Inside Columbia


One Versatile Vehicle

By Inside Columbia

Biscuits have a multitude of savory and sweet preparations. Two of my favorites are strawberry shortcakes and biscuits and gravy. You can make a double, or triple batch of biscuits in the morning, and use some for B&G at breakfast, then have half of a dessert done for the evening. They also make great breakfast sandwiches or are fantastic on their own with butter and jelly.


Moisture and flour form gluten (the stuff that makes dough and bread sticky and stretchy, to oversimplify it), fat and water do not form gluten. In some recipes gluten is needed for structure; in a biscuit recipe, it is not.

Keeping the butter as cold as possible while in the dough before baking keeps the moisture at bay (U.S. butter is roughly 18% moisture, 80% fat and 2% milk solids — European butter is roughly 14% moisture, 84% fat and 2% milk solids.) The butter that gets mixed into the dough shortens the gluten strands in the biscuit, thus creating flaky dough. Shortening, on the other hand, is 100% fat. Using shortening shortens the gluten strands at an even higher level.

One of the differences between shortening vs. butter is that shortening is much harder to get to stay in pieces, so it creates more of a crumbly biscuit. Both butter and shortening can make a superb biscuit, but I prefer butter. The moisture along with the milk solids adds a flavor that shortening doesn’t have, but is it not as predictable. Freezing the butter can help make the mixing process more controllable. Freezing helps the butter hold its shape during mixing and keeps the little pockets throughout the dough. When the small amount of moisture is given a chance to turn to steam in the hot oven, it makes the biscuit rise. The pocket of fat melts, and creates a void, making a flaky biscuit.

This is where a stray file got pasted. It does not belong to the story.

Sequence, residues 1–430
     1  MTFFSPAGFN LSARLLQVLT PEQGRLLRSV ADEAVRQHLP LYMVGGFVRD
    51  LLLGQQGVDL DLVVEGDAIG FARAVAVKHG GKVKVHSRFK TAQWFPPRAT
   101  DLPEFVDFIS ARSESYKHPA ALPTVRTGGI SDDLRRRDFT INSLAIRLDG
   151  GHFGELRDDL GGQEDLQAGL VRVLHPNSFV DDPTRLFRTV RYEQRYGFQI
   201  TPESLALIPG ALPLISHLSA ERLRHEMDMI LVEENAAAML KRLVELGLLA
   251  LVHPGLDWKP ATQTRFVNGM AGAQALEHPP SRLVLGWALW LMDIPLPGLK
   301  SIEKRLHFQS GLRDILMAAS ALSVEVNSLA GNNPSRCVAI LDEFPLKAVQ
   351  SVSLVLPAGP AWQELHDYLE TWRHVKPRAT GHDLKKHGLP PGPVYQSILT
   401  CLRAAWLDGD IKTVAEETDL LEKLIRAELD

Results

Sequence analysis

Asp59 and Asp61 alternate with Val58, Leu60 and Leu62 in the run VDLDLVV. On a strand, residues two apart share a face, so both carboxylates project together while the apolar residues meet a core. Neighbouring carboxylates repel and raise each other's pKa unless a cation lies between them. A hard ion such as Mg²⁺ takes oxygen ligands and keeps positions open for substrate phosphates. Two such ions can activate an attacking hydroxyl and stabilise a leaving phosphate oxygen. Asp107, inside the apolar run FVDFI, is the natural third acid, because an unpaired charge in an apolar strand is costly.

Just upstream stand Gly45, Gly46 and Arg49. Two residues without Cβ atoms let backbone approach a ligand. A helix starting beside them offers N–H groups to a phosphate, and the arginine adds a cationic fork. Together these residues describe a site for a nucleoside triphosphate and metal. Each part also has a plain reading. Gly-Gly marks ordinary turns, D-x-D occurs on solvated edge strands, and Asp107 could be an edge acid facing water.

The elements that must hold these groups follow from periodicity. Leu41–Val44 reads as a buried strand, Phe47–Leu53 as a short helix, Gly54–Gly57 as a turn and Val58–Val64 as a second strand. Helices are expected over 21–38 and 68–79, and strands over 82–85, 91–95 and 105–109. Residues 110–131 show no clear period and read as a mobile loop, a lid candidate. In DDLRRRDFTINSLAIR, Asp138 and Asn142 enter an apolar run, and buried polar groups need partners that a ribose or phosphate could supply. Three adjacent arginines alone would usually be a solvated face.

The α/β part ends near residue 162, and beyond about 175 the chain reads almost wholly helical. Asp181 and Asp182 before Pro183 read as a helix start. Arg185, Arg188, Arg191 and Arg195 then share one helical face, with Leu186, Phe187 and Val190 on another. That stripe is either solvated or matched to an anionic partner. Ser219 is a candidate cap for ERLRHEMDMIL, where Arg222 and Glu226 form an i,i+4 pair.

The mixing of dry ingredients causes no problems, or gluten formation. The flour, sugar, baking powder and salt can be mixed anytime all day long and have no ill effect. Keep the water out and they are good. This can be done a day or a week beforehand. The butter and the buttermilk are a little more dangerous. Cutting the butter into pieces and freezing it will help keep the pieces solid while mixing in the bowl with the dry ingredients.

Once they’re added, mash them slightly, then mix in the buttermilk, just until the dough comes together. You can remove it from the bowl onto a counter lightly dusted with flour and knead a few times until you are able to form a long rectangle. Cut that rectangle in two, then stack it again. Stacking it will help create more layers and help the biscuits break apart after baking.


It seems odd, but cutting or not cutting the outside edges can have a large effect on how the biscuits rise. Not cutting them will leave the layers smushed together on the outside and they won’t rise as well. Cutting just a small amount off the outside layer allows the flakes of butter within the dough to have a clean break and rise more effectively.


(makes 4-6 biscuits)


  • 2 cups all-purpose flour, plus a little extra for dusting the counter